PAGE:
Wesley J. Smith's Truth About Assistance" Wesley Term Paper

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Wesley J. Smith's analysis of euthanasia and assisted suicide is logically flawed in several ways. First, rather than discussing the main arguments supporting the idea in principle, Smith attacks the most extreme scenarios imaginable, and presents unethical and completely unconscionable applications of assisted suicide to which even its staunchest proponents object as strongly as do those opposed to it.

Likewise, his concern that the concept of duly appointed surrogates of patients no longer capable of expressing their wishes will send ethicist down the "slippery slope" leading to euthanizing "Alzheimer's patients, mentally retarded people and, perhaps, children" is reminiscent of Tom Swift's "A Modest Proposal." The only difference is that Swift's ridiculous proposal was intentionally satirical, whereas

Smith's hysterical concern that "an HMO doctor [might recommend] suicide as the best 'treatment'... [because] the doctor could be fired or lose bonus income for providing...too much care but would be financially untouched for assisting in his or her suicide" was (presumably) intended by Smith as a genuine argument of principle on the issue rather than satire.

The main argument for the legalization of assisted suicide concerns patients suffering from incurable illnesses for whom continued existence means constant pain and hardship. Smith completely ignores assisted suicide for mentally competent patients who are pre-screened for clinical depression, and issues a completely unsupported characterization that "almost all" candidates for assisted suicide are necessarily clinically depressed. Similarly, he refers to them as "suicidal," in effect, presenting his conclusion in his premise. Naturally, patients suffering from constant pain and disability are "depressed," but their depression is hardly a manifestation of biochemically-induced or clinical depression, nor is it likely to resolve spontaneously, as Smith implies, when he suggests that victims of cancer or multiple sclerosis might regain the desire to live" suddenly, "next
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week or next month." Then again, it is hardly surprising that Smith inappropriately applies the term "suicidal" to patients suffering debilitating pain, because, in the same breathe, he specifically equates their predicament with "those who want to die because of, say, a lost business or divorce."

To illustrate the obvious difference, a person given the choice by terrorist abductors, let us say, between brutal torture and instant death is hardly "suicidal" for choosing the latter instead of the former in the face of such a horrible choice.

Smith presumes to decide for emotionally competent and intelligent patients that any existence at all -- even one plagued by unbearable pain -- is preferable to death; much easier to proclaim when the speaker has never experienced constant unrelenting pain, himself. According to Smith's analysis of Dr. Kevorkian's patients, the fact that the medical source of his patients' suffering might not necessarily be fatal in and of itself negates any claim on their part that their pain makes death preferable to continued suffering.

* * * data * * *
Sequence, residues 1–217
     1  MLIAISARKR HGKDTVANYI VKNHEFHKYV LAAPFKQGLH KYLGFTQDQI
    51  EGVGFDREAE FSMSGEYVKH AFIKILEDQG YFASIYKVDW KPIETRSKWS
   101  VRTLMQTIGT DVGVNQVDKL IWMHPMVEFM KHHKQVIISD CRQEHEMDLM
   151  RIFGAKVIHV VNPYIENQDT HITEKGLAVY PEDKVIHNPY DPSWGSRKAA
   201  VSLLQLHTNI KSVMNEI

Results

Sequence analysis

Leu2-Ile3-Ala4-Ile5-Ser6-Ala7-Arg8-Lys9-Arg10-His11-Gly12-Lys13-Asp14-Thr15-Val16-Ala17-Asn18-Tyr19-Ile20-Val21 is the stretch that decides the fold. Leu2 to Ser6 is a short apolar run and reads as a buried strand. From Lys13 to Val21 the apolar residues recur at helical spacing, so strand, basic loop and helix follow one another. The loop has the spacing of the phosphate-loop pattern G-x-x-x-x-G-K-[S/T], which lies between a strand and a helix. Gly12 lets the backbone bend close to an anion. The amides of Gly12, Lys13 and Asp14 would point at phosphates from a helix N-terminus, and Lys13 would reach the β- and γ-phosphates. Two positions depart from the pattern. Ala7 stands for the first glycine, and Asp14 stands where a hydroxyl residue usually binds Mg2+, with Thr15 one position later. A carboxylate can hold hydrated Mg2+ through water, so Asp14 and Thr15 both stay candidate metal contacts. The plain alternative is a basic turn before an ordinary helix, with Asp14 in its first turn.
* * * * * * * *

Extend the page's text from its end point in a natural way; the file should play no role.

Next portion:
The "ultimate abandonment" is hardly represented by exercising compassion and assisting those in constant pain to end their suffering if that be their choice; the ultimate abandonment" is condemning such a person to continued suffering despite their expressed wish to end it -- if no other means of ending their pain is possible -- by death. For this reason, Jack Kevorkian will eventually be recognized as an American hero rather than as a criminal, precisely for his compassion, as well as for his courage to continue his work with full knowledge of certain legal consequences, specifically to publicize the moral issue of allowing patients the autonomy to choose death when life is simply no longer bearable by virtue of their medical misfortune.



According to the Los Angeles Times article entitled "The Secret to a Happy

Marriage? Men Giving In" the solution to all unhappy marriages is for…

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Another central element of the flawed reasoning underlying the initial expectation of a correlation between active listening and happy marriages was illustrated by Howard Markman, a psychologist at the University of Denver, and author of Fighting for your Marriage (1994). According to Markman, when active listening does succeed, it is simply because it often works as a method of "help[ing] couples disrupt the negative patterns that predict divorce." On the other hand, it is not technique commonly used by untroubled couples.

In light of the fact that the initial assumption of the value of active listening in marital therapy, in the first place, was based on flawed reasoning, it hardly supports any specific logical conclusion deriving from the failure of that particular hypothesis.

Similarly, the mere fact that a more emotionally involved and communicative husband is predictive of happier marriages (and marriages that are more likely to be salvaged in marital therapy) hardly suggests that the solution to marital problems is simply for husbands to "give in to" their wives and do whatever their wives say.

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